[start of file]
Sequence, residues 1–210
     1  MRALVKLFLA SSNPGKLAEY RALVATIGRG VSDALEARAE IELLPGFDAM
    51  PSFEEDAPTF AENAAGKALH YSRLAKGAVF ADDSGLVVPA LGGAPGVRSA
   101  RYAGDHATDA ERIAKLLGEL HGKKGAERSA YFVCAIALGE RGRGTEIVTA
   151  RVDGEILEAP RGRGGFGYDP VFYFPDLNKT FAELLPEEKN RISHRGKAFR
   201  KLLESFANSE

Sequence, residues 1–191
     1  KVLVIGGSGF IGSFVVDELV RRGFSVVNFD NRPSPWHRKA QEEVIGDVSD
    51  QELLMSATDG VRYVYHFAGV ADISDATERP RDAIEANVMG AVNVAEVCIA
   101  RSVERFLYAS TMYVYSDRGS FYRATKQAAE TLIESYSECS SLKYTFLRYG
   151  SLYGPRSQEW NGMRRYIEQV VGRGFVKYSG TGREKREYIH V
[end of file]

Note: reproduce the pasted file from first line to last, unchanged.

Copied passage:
Sequence, residues 1–210
     1  MRALVKLFLA SSNPGKLAEY RALVATIGRG VSDALEARAE IELLPGFDAM
    51  PSFEEDAPTF AENAAGKALH YSRLAKGAVF ADDSGLVVPA LGGAPGVRSA
   101  RYAGDHATDA ERIAKLLGEL HGKKGAERSA YFVCAIALGE RGRGTEIVTA
   151  RVDGEILEAP RGRGGFGYDP VFYFPDLNKT FAELLPEEKN RISHRGKAFR
   201  KLLESFANSE

Sequence, residues 1–191
     1  KVLVIGGSGF IGSFVVDELV RRGFSVVNFD NRPSPWHRKA QEEVIGDVSD
    51  QELLMSATDG VRYVYHFAGV ADISDATERP RDAIEANVMG AVNVAEVCIA
   101  RSVERFLYAS TMYVYSDRGS FYRATKQAAE TLIESYSECS SLKYTFLRYG
   151  SLYGPRSQEW NGMRRYIEQV VGRGFVKYSG TGREKREYIH V